For a third day in a row, Vancouver’s Science World has been overtaken by hip-looking crowds drawn by promises of audio-visual stimulation. Even based on the line snaking around the centre’s exterior before doors opened, Saturday’s early evening performance was one of the most anticipated yet.
Partially responsible for the hubbub was bass producer Arca, whose mutilated strain of experimental music established him as the weird kid in the world of hip-hop production. Accompanying the young Venezuelan producer in the double DJ booth was LA resident Total Freedom, while Arca’s roommate Jesse Kanda was responsible for the visual material taking over the projections in the Omnimax dome.
As Arca filled the hall with crunchily skewed beats, the visual performance did little to ease viewers in, choosing instead to hi-jack the audience’s attention with blurry underwater footage featuring two largely overweight and naked women prancing in a swimming pool. While the subject matter diversified throughout the show, the focus kept returning to objectified bodies – and particularly, booty. Presented through Kanda’s distorting lens, the effect was a bold challenge to both the fetishized and the stigmatized ways that we perceive bodies.
Next up, under the banner of Oneohtrix Point Never was Daniel Lopatin, a very down-to-earth looking guy wearing a feline version of the Internet famous three wolf moon T-shirt. His follow-up to the arresting first show had a more subtle approach, yet no less penetrating effect. His abstracted compositions were performed synchronically with surreal imagery provided by Nate Boyce.
The San Francisco-based visual artist’s work was a sort of peregrination into computer-generated imaginary spaces that managed to concoct a dream-like hypnagogic effect, despite having an obvious quality of videogame-like unreality. Guided by Lopatin’s soundscapes that ranged from the nebulously ambient to rigid Philip Glass-like arpeggiations, the amorphous objects of Boyce’s virtual imagination came together to form a surprisingly graspable wordless narrative.
The transition to the late night activities in the main floors of the science centre was a great opportunity for a humiliating third visit to the McDonald’s across the street — sadly the only open outlet within reasonable distance. It was also a chance to be frisked as invasively and with equal lack of tact as the last time I had the pleasure of being serviced by the TSA. However, to come to terms with my sense of indignation, I conceded that having the contents of my wallet thoroughly inspected was a small price to pay for the childhood fantasy of a night at the museum that lay ahead of me — albeit in a very grown-up form.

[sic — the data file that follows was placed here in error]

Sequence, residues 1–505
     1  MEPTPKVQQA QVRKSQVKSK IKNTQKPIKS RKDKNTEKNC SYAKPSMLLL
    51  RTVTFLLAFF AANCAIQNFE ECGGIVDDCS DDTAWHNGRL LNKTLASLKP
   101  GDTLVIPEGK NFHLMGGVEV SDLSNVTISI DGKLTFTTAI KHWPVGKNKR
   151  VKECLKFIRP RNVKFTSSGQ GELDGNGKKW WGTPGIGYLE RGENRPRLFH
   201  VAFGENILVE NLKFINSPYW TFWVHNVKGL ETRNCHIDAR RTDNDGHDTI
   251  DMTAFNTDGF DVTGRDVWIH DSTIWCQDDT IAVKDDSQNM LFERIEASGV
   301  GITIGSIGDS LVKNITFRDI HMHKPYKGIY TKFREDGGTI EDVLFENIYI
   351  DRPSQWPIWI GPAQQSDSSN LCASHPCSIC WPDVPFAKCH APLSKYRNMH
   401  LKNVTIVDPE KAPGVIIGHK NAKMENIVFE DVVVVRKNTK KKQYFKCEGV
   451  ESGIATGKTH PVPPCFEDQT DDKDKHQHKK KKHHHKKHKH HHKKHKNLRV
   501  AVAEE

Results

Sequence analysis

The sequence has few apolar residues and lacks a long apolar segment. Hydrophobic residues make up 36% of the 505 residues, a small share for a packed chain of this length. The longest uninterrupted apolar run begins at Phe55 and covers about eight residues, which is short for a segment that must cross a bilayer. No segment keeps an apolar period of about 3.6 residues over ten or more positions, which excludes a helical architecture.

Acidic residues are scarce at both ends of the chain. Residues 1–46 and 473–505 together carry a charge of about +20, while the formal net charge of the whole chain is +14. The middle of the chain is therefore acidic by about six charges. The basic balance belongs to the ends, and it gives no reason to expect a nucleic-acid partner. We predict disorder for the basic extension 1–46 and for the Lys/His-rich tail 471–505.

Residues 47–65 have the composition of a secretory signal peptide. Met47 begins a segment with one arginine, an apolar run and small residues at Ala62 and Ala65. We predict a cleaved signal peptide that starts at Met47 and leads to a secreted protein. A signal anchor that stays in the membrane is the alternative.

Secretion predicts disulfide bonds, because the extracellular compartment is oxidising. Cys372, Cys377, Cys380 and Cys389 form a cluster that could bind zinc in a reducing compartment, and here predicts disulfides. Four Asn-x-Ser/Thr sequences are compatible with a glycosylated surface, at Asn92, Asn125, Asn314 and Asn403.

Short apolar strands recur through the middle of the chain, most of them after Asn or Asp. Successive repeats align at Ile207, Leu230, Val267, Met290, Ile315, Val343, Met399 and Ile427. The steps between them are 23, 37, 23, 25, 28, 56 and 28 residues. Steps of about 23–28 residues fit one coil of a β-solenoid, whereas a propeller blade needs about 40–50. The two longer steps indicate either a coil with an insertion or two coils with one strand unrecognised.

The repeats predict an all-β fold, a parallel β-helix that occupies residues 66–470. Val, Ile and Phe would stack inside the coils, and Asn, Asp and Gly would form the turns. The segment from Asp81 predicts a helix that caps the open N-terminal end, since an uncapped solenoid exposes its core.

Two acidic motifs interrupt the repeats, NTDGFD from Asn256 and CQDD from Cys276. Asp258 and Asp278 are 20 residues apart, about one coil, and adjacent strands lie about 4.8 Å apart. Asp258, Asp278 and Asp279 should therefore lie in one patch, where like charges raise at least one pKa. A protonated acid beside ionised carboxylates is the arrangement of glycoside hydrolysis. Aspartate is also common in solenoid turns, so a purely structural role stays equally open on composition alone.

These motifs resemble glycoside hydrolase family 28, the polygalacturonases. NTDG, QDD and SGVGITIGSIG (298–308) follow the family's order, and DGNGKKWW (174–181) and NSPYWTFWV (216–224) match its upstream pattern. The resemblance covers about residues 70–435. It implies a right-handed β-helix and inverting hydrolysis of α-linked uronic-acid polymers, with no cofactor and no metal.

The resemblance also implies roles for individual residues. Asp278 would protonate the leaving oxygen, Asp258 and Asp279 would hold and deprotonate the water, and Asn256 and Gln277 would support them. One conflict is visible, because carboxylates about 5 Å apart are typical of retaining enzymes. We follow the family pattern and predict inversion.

By the time I had returned, the stage at the bottom of a round atrium was already being serviced by Berlin resident SVN and his partner-in-crime Dynamo Dreesen. The pair seemed to approach their respective time-slots very casually and in effect traded off for a back-to-back session with an eclectic range of understated dance music.
The duo’s playful angle was showcased as they came together for a live set under the name of their collaboration, Dresvn. Manning their analog circuitry and a reel-to-reel tape machine featuring prominently, they introduced themselves with a lengthy swim in a sea of delay that eventually gave way to their idiosyncratic and somewhat comic looping rhythms. That’s when things got very seriously loud. The mechanic jungle dance sent an overwhelming amount of kinetic energy through the stage’s wall of subwoofers, which was too much for some at first. It really felt like the sound engineers’ pushed the duo’s warm analog sounds to the very limits of an enjoyable experience.
Meanwhile, the space upstairs was completely reconstructed from the previous nights’ flexible multi-stage area into one spacious stage dedicated to bass music. The space felt more relaxed and fitting for the big-room sounds of Toronto resident Deebs. As the night went on, Scratcha DVA and Wen stepped up to the visually hypnotic stage, representing the groundbreaking London pirate-radio station Rinse FM’s specialties in foot-heavy UK bass.
At the end of the night, the downstairs space belonged to Finn Johannsen who was entering his third hour of keeping the floor flexing without respite through his unpredictable selections. Among the eclectic mélange of cheeky synth pop and acid tinged techno, a track from Vancouver’s own Aquarian Foundation found its right place. Meanwhile, Chicago’s DJ Earl closed the night upstairs with a workout of madly uptempo bass-heavy juke. With precision and skill, the DJ went through energetic, hook-driven tracks at a dazzling pace.
Three days of consistently impressive programming amidst the uniquely re-purposed Science World’s spacious halls, panoramic waterfront patio, and mind-game filled atrium made for a sense of openness that felt particularly special. Even though this year’s festival is the biggest in New Forms’ 14 years, to me it made its mark by pushing the boundaries of what’s possible both in technology and with the spaces Vancouver has to offer.